Monday, 9 April 2012

Top 5 Classic Reads

Here are 5 classic titles that I recommend to read this Autumn. The great thing about this Top 5 is that some of them impacted on the genres to a degree, and others to a great degree:

The earliest Gothic novel published
1) Interestingly enough, The Castle of Otranto was published pseudonymously in 1764 and became the earliest and most influential of the Gothic novels. This book is where the Gothic novel began, and since its publication there have been many variations on the genre. I prefer to read books right from the source, and this book is a must read, be it for study, personal interest, or illumination on the beginnings of genre types. I am always keen to know what kinds of tales these groundbreaking books have to offer.

Looking at story, it is a dark tale of a Steward hoping to wed his son to the heir-descendent of Castle Otranto, and from which unseen forces strive to thwart him. The Gothic element is surprisingly fresh and modern, and one can see Mr. Walpole's influences with Shakespeare within the text, particularly of Macbeth, with its protagonist on the edges of his sanity.
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Written in the 16th Century during the Ming Dynasty
2) Monkey was written during the Ming Dynasty (1368 - 1644). Specifically during the 16th Century, Wu wrote Monkey at a time when trade was booming in China, where the country became involved in a new global trade of plants, goods, animals, and food crops, which was known as the Columbian Exchange. Towards the end of the Dynasty however, the flow of silver into the country diminished, undermining state revenues that caused problems with agriculture, and was combined with natural disasters, calamities, crop failure, epidemics, etc. which caused a challenge Ming authority.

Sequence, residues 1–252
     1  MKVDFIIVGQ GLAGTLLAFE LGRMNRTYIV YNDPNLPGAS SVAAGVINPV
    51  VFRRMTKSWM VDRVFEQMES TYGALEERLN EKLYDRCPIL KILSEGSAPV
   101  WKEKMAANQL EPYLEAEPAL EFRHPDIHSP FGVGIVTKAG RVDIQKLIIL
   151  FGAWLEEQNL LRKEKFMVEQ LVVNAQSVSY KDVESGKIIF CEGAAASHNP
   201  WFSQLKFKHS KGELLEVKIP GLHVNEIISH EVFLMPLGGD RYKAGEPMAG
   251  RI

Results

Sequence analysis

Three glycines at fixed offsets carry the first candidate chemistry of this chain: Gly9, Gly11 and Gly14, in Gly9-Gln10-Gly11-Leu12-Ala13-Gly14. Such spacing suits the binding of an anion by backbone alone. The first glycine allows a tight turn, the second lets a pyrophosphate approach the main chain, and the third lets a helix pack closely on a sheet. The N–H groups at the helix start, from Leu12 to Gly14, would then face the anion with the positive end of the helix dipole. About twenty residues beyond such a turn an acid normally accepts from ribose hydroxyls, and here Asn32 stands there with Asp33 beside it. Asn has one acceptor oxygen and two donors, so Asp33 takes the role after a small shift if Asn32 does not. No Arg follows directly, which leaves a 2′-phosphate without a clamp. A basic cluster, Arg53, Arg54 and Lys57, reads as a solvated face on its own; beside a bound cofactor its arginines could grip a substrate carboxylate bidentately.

This tale is a fictionalised account of the legendary pilgrimage to India of the Buddhist monk, Xuanzang. Within the story he has four protectors in the form of disciples who, as an atonement for past sins, have agreed to help him obtain sacred texts (sutras). This task was given to them on instruction from the Buddha to Guanyin, an enlightened being. This story represents the journey of individuals towards enlightenment. The popular Monkey Magic TV Series are also based upon this awesome book.